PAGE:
Thrombospondin-1 (TSP-1) is a glycoprotein with a molecular weight of 450 kDa, and is a major component of platelets . It is involved in angiogenesis and inflammation and the effects of TSP-1 have been studied in numerous preclinical tumor models. Many normal cells, including endothelial cells, fibroblasts, adipocytes, smooth muscle cells, monocytes, and macrophages were all founded to secrete TSP-1 [19, 20]. TSP-1 binds to the protein components of the extracellular matrix such as fibronectin. TSP-1 is also expressed in glomerulopathies and is considered an early marker of inflammation and fibrosis .
TSP-1 can bind to various receptors and functions in regulating cell proliferation, proteases and the activity of transforming growth factor beta-1 (TGF-β1) [22, 23]. As an activator of TGF-β1, TSP-1 modulates the functions of TGF-β1 in cardiovascular diseases, atherosclerosis, and obesity. In addition, TSP-1 is selectively expressed in the infracted border suggesting that TSP-1 might inhibit the expansion of inflammation by activating TGF-β1 . TSP1 is also a major endogenous activator of TGF-β1 in experimental inflammatory glomerular disease. Regulation of TSP-1 with regards to its influence on TGF-β1 activity may be one of the causes of fibrosis, as TGF-β1 positively regulates HCV RNA replication which is likely manifested in the liver fibrosis associated with hepatitis C infection . It has been reported that TSP-1 is closely related to renal fibrosis in which TSP-1 is highly expressed . In studies of hepatic fibrosis, TSP-1 is found to be highly expressed. TSP-1 might play an additional role in liver fibrogenesis by stimulating angiogenesis and could be a potential target to prevent fibrogenesis in chronic inflammatory diseases of the liver .
NF-κB is a transcription factor present in almost all animal cell types. It is involved in many biological processes such as inflammation, immunity, cell differentiation, cell growth, tumorigenesis and apoptosis . Studies indicate that NF-κB and TSP-1 together, modulated by the expression of the androgen receptor, exert antitumor effects in prostate cancer . In the tumor microenvironment, TSP-1 has been shown to suppress tumor growth by inhibiting angiogenesis and activating TGF-β1. NF-κB mRNA expression and activity were significantly enhanced by proteinuria-loading and were synchronized with high expression of TSP-1, and TGF-β1 mRNA in the kidney . We found that expression of TSP-1, TGF-β1, and NF-κB in patients with HBV hepatic fibrosis were all significantly higher than that in the serum of HBV carriers, suggesting that TSP-1, TGF-β1, and NF-κB play important roles in the process of hepatic fibrosis. The detailed mechanisms involved in the interplay between TSP-1, TGF-β1, NF-κB and hepatic fibrosis require further study.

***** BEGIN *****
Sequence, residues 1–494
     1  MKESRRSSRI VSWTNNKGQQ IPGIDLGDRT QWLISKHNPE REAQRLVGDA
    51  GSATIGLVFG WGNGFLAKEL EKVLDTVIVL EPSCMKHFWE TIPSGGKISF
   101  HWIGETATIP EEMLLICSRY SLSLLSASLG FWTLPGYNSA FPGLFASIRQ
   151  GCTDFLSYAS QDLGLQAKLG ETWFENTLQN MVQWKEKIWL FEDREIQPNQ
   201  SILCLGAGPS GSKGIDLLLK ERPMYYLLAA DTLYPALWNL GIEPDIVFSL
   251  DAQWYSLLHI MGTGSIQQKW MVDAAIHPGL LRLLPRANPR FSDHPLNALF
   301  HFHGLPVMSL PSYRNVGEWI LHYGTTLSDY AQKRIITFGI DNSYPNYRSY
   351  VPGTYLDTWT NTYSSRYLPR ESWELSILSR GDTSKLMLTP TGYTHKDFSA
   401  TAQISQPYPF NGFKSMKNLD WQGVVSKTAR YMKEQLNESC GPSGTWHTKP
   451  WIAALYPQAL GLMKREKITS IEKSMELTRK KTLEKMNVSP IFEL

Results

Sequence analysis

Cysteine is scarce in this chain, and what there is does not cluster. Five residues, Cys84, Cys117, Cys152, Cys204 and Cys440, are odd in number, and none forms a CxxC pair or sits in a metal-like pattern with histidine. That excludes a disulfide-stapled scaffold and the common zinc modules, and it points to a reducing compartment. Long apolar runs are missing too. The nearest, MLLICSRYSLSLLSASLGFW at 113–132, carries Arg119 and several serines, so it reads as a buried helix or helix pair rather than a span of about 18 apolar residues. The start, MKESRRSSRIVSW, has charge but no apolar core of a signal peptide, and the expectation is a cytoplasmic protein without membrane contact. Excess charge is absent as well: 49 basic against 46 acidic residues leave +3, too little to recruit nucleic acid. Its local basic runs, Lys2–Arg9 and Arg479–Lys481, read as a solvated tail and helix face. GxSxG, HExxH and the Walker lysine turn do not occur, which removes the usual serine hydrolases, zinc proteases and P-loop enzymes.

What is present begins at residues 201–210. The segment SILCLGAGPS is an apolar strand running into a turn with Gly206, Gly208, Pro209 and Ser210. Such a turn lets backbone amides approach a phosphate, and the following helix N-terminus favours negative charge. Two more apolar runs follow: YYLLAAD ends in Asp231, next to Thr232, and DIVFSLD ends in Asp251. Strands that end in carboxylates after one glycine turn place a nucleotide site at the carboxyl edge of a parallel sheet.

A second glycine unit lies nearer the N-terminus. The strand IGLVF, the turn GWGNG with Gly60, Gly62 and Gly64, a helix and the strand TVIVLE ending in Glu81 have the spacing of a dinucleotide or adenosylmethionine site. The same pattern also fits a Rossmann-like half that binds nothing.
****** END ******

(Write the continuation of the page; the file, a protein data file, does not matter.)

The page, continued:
In conclusion, using a proteomics method, we obtained 27 differentially expressed proteins by comparing the serum of HBV carriers and hepatic fibrosis patients. The 27 proteins identified by proteomic methods are involved in cell growth, receptor binding, metastasis, blood coagulation, calcium ion binding, DNA binding, as well as being biomarkers and enzymes. Additional work is required to understand the relationship between these proteins and hepatic fibrosis. The results indicated that TSP-1, TGF-β1, NF-κB, and enolase-1 likely play important roles in the process of hepatic fibrosis. Although the levels of enolase-1 and TSP-1 in the serum of HBV carriers and hepatic fibrosis patients can be detected, the relationship between the degree of liver fibrosis and their expression needs further study.